February 23, 2011

Philosopher's Stone

Legends of a single substance able to transform base metals into pure gold date back to the Emerald Tablet of Hermes, written about on several occasions with the most prominent being a ninth century translation of the Kitab Sirr al-Asar.

Emerald Tablet
Although there are quite a few different translations of the alchemy process, the true seven steps to achieving the Philosopher's Stone are Calcification, Dissolution, Separation, Conjunction, Fermentation, Distillation, and Coagulation. The first four steps are known to take place below in the physical realm of matter while the remaining three are above the physical realm, in the mind and imagination. It is theorized that Isaac Newton reached the sixth step in the process successfully while risking his life to practice dark arts.

A recent discovery uncovered another Newton manuscript on alchemy processes of the middle ages, this time encoded with astrological symbols in reference to materials used during each step. The symbols were absolutely necessary for Newton to disguise his work from the laws of the land at the time. He even spent many years as the official in charge of the British Royal Mint where he secretly obtained the works of other alchemy Philosopher Stone researchers.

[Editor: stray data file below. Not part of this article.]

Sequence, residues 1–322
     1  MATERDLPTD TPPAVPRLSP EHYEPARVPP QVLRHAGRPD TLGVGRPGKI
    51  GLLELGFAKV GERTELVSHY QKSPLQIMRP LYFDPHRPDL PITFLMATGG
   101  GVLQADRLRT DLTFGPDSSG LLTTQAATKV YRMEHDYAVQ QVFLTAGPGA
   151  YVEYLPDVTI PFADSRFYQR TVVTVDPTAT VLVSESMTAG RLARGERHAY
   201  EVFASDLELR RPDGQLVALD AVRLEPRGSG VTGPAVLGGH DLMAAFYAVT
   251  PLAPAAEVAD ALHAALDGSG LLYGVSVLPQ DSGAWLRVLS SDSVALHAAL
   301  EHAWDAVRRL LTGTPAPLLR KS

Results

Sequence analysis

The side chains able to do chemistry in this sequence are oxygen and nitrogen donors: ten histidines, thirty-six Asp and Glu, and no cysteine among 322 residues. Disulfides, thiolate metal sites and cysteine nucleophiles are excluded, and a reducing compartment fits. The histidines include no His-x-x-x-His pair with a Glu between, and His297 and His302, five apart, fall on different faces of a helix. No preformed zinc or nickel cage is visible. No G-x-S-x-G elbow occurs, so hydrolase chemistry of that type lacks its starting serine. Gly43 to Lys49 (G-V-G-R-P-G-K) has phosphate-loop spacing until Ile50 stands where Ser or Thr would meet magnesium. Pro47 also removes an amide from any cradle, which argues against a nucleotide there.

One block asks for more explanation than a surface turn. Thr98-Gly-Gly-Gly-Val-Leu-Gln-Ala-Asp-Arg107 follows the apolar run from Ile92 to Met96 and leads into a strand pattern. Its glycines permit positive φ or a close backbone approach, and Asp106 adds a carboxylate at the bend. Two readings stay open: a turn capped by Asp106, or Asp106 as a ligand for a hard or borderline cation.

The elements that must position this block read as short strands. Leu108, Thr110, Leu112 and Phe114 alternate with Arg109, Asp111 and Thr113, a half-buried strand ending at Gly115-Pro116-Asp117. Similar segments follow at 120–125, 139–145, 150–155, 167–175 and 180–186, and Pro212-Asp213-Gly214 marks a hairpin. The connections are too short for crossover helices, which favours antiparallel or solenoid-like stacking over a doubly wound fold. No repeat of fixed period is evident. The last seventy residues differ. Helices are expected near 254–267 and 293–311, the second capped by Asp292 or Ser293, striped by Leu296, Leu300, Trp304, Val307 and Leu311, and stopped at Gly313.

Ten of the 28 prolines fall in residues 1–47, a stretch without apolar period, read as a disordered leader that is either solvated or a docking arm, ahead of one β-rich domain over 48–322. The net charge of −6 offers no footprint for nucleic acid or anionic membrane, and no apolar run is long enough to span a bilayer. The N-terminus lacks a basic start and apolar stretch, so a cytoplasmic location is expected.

Each of the astrological symbols are not entirely understood by modern scientific translation but enough data was retrieved to replicate Newton's experiments in the lab where attempts at the sixth step revealed proof as it nearly happened for modern chemists. The potential of this process brings to light a key question, what if gold could be created from any metal, would it not alter the value of gold. Suffice to say the rare value would diminish, but the value of the process would rise possibly beyond comprehension or even be destroyed for possible implications.